Analyse and Compare which of the Two Car Advertisements is more effective
The first thing that I noticed about the two adverts when comparing and analysing is that the Mazda advert has taken a whole lot more personal approach to selling their cars. Where as Citroen only advertises for no VAT and includes a bit of humour, Mazda includes happy and playful children, your own childhood and asks the viewer personal questions. Then quickly it snaps to fast moving images of a flashy car and beautiful scenery.
Mazda cleverly links the two together, making you reminisce about your own childhood, being carefree and full of freedom. With the stress of adult life, the 9-5 job, being tied down, having appointments to go to, deadlines to meet and then the going home to a hectic life or perhaps a hectic family, the look of having a Mazda car couldn’t look anymore appealing. Who wouldn’t long to get away in something like that, especially men and their obsession with cars, and of course attracting the woman? To many males, the attraction of expensive, sexy cars is that they’ll gain the respect of materialist woman. It’s the old line “boys with their toys” and this advert is a definite magnet to those boys.
But for the Citroen its dull setting, and boring script doesn’t do any favours. It improves near the end, with the spotlight up showing the perfectly crafted Citroen Xsara, Citroen C5 and Citroen Xsara Picasso. This does seem to be the better idea of the advert as it applies to families or people in different situations. The Citroen Xsara, the first car to be shown appeals to the normal, every day working small family.
But the sophisticated Citroen C5 appeals to that executive worker, the office man or woman. And lastly the Citroen Xsara Picasso, the big family car for stuffing the kids in for their morning trip to school, and carrying all those shopping bags after doing the weekly shop. Besides this and the no VAT, I don’t see this as much of an appealing advert. The droning voice of the driving inspector, the dull grey scenery may have been done purposely, but it lacks the attraction to buying a car except for one cheap laugh.
With the Mazda advert, personally I think the use of camera works the best. It fits in with the mood and atmosphere, it’s fast moving and covers every angle imaginable. I especially enjoy such bits when it’s a high angle, looking down to the child who is looking up riding his bike. It gives the feeling that you’re riding with the child. Or having a real birds eye view above him. I think that it does this quite a fair bit, following each child and its experience of freedom, giving it a whole more personal approach as if you with the child yourself, sharing the experience with them.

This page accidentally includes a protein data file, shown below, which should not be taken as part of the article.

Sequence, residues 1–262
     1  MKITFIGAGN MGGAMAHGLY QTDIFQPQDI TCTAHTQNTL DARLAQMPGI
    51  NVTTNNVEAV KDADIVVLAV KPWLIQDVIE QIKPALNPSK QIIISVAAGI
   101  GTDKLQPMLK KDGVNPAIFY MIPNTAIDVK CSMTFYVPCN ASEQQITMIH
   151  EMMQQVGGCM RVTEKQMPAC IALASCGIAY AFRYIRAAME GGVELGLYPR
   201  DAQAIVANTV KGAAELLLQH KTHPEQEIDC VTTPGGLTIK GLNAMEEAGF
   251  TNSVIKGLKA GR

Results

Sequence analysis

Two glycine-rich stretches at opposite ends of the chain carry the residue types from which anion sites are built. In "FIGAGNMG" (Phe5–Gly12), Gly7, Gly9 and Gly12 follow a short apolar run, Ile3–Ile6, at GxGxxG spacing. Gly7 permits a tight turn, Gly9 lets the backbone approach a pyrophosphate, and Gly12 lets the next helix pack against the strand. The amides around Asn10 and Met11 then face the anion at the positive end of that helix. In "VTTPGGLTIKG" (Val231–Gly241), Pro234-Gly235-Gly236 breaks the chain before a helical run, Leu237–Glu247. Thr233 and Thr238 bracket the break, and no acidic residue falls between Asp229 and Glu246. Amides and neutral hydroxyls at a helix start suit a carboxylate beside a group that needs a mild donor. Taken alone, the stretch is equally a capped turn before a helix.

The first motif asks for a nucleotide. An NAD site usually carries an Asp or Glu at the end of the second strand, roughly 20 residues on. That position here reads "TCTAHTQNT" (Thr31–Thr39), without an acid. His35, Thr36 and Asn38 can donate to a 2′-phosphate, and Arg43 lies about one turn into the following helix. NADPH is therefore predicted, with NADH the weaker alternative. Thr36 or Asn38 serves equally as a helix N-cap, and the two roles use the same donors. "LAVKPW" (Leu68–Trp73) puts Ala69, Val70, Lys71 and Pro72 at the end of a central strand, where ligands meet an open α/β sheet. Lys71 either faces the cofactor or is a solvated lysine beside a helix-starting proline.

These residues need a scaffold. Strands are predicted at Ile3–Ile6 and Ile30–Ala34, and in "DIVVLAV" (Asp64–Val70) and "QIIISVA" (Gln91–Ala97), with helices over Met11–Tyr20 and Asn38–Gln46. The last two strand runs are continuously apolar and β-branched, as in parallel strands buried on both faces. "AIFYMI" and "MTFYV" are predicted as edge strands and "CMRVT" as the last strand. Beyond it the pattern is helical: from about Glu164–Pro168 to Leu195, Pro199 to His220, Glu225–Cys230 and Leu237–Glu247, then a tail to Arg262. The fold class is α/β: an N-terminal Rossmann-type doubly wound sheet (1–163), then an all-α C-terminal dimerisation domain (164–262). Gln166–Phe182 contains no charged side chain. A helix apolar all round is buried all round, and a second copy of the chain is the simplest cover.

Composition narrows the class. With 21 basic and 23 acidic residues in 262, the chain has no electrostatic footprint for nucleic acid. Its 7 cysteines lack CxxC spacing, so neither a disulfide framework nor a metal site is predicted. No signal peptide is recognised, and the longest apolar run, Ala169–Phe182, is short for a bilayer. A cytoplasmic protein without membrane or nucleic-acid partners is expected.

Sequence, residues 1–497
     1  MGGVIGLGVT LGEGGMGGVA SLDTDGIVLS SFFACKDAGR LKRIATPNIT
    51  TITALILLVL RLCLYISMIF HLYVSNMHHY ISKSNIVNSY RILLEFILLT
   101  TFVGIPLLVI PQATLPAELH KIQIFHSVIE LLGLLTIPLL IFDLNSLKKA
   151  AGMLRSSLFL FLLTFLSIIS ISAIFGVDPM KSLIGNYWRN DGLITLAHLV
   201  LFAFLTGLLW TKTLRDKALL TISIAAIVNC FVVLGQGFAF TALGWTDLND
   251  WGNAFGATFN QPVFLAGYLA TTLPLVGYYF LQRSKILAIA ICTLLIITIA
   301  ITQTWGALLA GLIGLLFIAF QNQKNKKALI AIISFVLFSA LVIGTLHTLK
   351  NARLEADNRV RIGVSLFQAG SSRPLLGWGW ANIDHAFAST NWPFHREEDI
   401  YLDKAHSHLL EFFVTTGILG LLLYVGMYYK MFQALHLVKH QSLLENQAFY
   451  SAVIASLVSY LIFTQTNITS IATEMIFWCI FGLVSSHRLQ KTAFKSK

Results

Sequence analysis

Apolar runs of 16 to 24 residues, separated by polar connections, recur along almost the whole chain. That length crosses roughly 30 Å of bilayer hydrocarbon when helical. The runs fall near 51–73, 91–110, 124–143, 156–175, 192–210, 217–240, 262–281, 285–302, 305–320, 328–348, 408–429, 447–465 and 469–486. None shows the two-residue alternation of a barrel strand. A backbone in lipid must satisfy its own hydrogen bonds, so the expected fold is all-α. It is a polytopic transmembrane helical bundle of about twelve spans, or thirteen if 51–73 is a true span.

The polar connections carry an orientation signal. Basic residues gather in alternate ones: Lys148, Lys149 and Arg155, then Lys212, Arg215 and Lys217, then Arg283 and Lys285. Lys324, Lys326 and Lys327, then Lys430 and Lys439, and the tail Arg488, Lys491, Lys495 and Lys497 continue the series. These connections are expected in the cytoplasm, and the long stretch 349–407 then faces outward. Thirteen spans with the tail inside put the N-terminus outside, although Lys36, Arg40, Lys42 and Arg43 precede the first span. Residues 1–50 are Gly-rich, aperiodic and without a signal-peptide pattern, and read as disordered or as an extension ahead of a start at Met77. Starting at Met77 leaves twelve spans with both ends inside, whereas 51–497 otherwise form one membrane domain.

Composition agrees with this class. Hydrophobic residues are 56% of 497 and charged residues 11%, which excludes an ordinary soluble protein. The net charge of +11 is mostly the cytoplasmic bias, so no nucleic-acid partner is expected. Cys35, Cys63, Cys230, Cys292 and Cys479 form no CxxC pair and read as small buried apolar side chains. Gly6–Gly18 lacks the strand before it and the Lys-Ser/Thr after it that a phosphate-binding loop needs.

Another effective piece of camera work is when following the child being swung around by his father. The camera does a big close-up of the child’s face, full of laughter. This gives the idea and sensation of the child actually flying and being free, just as the car represents. Every so often, a scene of a child in high spirits freezes and shows a caption. As the advert is fast moving and distracting the scene is frozen to allow the audience to read the caption which corresponds to the frozen picture. I think it makes the audience consider what it is saying, the possibilities and refers it to their own childhood
The camera work for the Citroen advert is quite boring. Most of camera angles are either long shots or a close up for a characters reaction or lines, nothing which makes it more interesting or grabs the attention of the viewer. The lighting is obviously not a big part of the Mazda advert, it being set outside, but the weather, is a typical summer’s day. A bit of pathetic fallacy is used, the warm summers day reflects the families and children’s happy moods. But when the car makes an entrance, it’s set on a sunset to give it more of a classy, sexy and romantic feel. For some scenes there is flashing lights, to give a sort of night, clubbing feel. This gives the car more of a sophisticated, “cool” look, appealing to perhaps the younger generation.
For the Citroen advert, it is also set outside, on what appears a grim, winter day. This isn’t the best setting for an advert, as the pathetic fallacy gives a real miserable feel. But when introducing each car, it starts pitch black and then a bright spotlight is brought up, shone upon the car. This is effective, and it allows the viewer to concentrate on nothing but the car, the pitch black blocks out everything else and just shows the well crafted machinery.
Relationship between image and words is more noticed and effective in the Mazda advert. It’s quite personal, and relevant to childhood, personal life and driving a car. “Remember that feeling…” – allows the viewer to reminisce “When you first took control?” – allows viewer to think back to perhaps childhood, or perhaps later, a feeling of having control of something, being in demand and independent. “Had the freedom to go as you pleased…” – Emotional, and perhaps allows the viewer to think of a time when they were perhaps boundless and happy.
“With Mazda this feeling comes as standard.” – This is when the car is brought into the equation, and is seen as the answer to our stressful problems. A car which allows us be free, and away from the hectic world. With the Citroen advert, there aren’t many words, or at least ones that relate to the picture. There is NO VAT in bold letters, something which attracts the viewer into getting a bargain.